Be Sincere. Kristen Garcia, a group sales manager at Macy’s West (M) says that her genuine interest in meeting others from the company got her the job offer after she interned at Macy’s two years ago. “I introduced myself briefly to someone who wasn’t my direct boss, and it got me to work on an advertising project that the rest of the interns weren’t working on,” Garcia says. “But I never misrepresented myself and was always sincere.” Butler agrees, “To be indiscriminate for the sake of networking is going to be a waste of your time and not get you what you want.”

Find Some Face Time. Online networking sites, such as LinkedIn, are great. But to truly build connections, Mok, encourages interns to join professional organizations in their field to get valuable face time. Especially for those in a large city, a variety of networking groups are available and organizers are often thrilled to get younger members. Dave Wills, vice-president of Seattle-based Cascade Link, encourages interested interns to join tech clubs and professional organizations organizations. “Through those clubs we’ve met people whom we’ve hired as interns or to work on other projects.”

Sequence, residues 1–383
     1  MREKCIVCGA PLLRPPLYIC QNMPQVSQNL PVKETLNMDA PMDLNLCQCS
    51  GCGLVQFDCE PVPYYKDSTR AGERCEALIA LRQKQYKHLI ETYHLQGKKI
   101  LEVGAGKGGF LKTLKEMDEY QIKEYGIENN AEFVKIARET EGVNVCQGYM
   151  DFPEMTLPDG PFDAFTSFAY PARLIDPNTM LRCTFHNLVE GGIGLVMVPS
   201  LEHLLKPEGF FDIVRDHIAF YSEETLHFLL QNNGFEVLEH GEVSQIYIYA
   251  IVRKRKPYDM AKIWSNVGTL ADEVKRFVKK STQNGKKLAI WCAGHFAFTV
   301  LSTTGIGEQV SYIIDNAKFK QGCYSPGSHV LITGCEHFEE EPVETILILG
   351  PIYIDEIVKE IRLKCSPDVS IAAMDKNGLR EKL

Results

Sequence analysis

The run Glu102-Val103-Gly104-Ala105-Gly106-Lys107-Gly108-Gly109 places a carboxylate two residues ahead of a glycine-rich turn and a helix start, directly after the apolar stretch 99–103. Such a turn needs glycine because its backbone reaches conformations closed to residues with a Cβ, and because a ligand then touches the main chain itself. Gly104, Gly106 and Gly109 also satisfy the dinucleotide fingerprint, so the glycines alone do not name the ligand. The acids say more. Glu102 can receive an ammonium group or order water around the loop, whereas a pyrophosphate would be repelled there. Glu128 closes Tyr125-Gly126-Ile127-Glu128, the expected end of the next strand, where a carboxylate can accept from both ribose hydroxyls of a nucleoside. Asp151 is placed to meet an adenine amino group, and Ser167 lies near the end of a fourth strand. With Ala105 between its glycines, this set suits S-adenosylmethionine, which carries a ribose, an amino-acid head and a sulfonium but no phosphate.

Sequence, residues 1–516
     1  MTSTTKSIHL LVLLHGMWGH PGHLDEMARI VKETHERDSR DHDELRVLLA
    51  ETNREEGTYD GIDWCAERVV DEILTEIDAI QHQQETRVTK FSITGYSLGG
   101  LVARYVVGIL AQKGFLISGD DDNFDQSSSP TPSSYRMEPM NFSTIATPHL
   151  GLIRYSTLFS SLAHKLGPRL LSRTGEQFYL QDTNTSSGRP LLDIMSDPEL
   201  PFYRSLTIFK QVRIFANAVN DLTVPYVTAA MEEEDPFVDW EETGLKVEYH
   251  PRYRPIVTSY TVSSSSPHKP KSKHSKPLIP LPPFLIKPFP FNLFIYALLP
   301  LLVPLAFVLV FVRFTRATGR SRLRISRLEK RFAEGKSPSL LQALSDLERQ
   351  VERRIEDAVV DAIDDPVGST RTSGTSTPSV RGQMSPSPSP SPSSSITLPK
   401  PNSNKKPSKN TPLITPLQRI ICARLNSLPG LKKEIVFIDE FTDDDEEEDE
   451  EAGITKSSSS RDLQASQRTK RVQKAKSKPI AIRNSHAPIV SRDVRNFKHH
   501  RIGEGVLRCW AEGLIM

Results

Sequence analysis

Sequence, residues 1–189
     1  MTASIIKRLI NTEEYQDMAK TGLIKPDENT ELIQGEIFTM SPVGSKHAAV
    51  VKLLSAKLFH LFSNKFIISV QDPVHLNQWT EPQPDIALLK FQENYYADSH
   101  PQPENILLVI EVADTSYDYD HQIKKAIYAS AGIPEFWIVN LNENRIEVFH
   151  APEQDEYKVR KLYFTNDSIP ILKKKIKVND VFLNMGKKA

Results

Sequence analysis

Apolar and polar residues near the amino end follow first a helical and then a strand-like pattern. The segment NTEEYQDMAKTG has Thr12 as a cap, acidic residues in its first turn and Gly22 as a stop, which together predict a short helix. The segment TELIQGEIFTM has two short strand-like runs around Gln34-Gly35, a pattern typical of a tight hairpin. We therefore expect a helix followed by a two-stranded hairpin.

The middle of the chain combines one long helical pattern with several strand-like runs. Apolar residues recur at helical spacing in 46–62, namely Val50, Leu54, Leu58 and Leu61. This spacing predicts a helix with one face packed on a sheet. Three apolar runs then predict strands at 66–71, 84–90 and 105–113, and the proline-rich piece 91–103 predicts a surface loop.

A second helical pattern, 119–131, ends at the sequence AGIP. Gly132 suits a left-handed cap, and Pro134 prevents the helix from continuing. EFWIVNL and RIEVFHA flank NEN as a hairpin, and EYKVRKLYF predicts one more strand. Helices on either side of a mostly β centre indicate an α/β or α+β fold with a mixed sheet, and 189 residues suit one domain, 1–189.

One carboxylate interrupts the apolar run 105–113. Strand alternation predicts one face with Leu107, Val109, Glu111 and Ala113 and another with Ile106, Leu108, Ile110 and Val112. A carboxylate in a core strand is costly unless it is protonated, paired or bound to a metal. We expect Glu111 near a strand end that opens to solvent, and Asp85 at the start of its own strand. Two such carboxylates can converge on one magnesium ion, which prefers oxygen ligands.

Join in the Big Kid Activities. Interns don’t need to stick to their own kind. Instead, ask to play in the company softball league or volunteer with their charity of choice. For those willing to be more proactive it helps to create an activity others from the company would be excited to join.